Marina Abramović: 512 Hours at the Serpentine Gallery

After the success of The Artist is present, her impressive retrospective held by the MoMA in 2010, Abramovic comes back this summer with a new durational performance called 512 hours. This time, she will invest the more intimate space of the Serpentine Gallery in London to create her new work: a silent piece where the public is widely encouraged to participate. Six days a week over a period of three months, Abramovic will stand and roam over the empty space waiting for the public to come and interact, just to “see what will happen”.

“I’m there for them. They are my living material, I am their living material. And from this nothing, something may or may not happen.” (artist’s statement)

After a waiting time, more or less important depending on the day and time you come, you will be allowed to enter the exhibition space, but only under one condition: you must leave all your personal belongings in lockers. No phone, no camera, no watch allowed, nothing that can relates you to the outside world and to the notion of time. Free of all your day-to-day concerns, equipped with a nice stamp and some ear plugs, you will finally be able to enter the strange and timeless space of the performance.

The uncluttered exhibition space is simply divided into three distinct but not closed areas. The first room on your arrival is filled with camp beds, where members of the audience lie: ear-defenders on, eyes closed, and covered with a colourful blanket. You stay and you watch, still uncertain to have understood the rules of the game. Then, you move to the second room to check what’s going on. About ten chairs are facing the opaquely covered windows of the gallery. On them, also wrapped in bright covers, are sitting some absorbed people as if caught in the middle of a meditation session. As for the last and third room, it is filled with people walking really slowly, either in group hand in hand, or alone. They all seem hypnotized by something, and for a minute, you wonder if they are following a particular route or simply following their instinct.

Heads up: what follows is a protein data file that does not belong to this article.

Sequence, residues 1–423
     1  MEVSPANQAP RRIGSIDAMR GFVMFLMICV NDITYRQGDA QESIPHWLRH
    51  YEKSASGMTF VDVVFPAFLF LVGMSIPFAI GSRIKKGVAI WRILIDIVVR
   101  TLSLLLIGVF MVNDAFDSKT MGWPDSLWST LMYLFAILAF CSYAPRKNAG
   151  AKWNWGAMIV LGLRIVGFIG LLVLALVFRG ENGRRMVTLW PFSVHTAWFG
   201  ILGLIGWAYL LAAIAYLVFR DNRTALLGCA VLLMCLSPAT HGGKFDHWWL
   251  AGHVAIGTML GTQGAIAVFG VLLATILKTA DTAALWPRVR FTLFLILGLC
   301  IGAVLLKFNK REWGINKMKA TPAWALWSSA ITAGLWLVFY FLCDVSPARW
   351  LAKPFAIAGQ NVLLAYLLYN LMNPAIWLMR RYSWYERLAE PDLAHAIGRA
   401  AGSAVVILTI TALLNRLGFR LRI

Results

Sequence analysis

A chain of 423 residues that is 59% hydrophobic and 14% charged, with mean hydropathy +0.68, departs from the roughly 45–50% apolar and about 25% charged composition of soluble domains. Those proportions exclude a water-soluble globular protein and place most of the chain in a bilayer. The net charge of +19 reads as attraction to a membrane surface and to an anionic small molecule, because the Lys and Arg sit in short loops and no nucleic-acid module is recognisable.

Exhibition Plan

The next things you notice are the people walking backward with a mirror in their hands. They do not seem to be allocated to a room in particular; on the contrary, they move everywhere and link the different spaces of the performance. The next people you notice are the one in black; Marina Abramovic is one of them. They are the people that invite you to take part in the performance: they are your mediators in a way. Usually they will take your hand, you will follow them and they will give you some instructions such as: “I’ll ask you to sit/stand/lie here. Listen to your breathing and what your body is saying to you. You may stay here as long as you wish”. After that, they will put their two hands on your shoulders and press them, creating a strange flow of energy circulating through your body.

Overall, this performance is quite a strange experience, but it certainly is a transforming one. You’ll see that you move quickly from one feeling to another. At the beginning you don’t really know how to behave and you feel like an intruder, but soon you will adapt and take part in what’s happening around you. Starting with the lying part in the first room is a good way to warm up, as lying down eyes closed really enables you to concentrate on the present time and yourself. It then helps you to fully engage with the whole performance.

At the end, you cannot really say how much time you’ve spent inside (unless you’ve check the time before your entrance): but does it really matter? In a time obsessed world, it is nice to have this little refreshing moment of calm and focus.

“I test the limits of myself in order to transform myself but I also take the energy from the audience and transform it. It goes back to them in a different way. This is why people in the audience often cry or become angry or whatever. A powerful performance will transform everyone in the room.” *

During the period of the exhibition, Marina Abramovic is keeping a video diary of her impression of the day that you can access on the Serpentine Gallery website.

“Performance art has to live and survive. It cannot be put on walls.” *

* Both quotes are coming from Marina Abramovic’s interview by Sean O’Hagan published on The Guardian.

For more information, please visit the Serpentine Gallery website.

Advertisements

Leave a Reply

Fill in your details below or click an icon to log in:

WordPress.com Logo

You are commenting using your WordPress.com account. Log Out / Change )

Twitter picture

You are commenting using your Twitter account. Log Out / Change )

Facebook photo

You are commenting using your Facebook account. Log Out / Change )

Google+ photo

You are commenting using your Google+ account. Log Out / Change )

Connecting to %s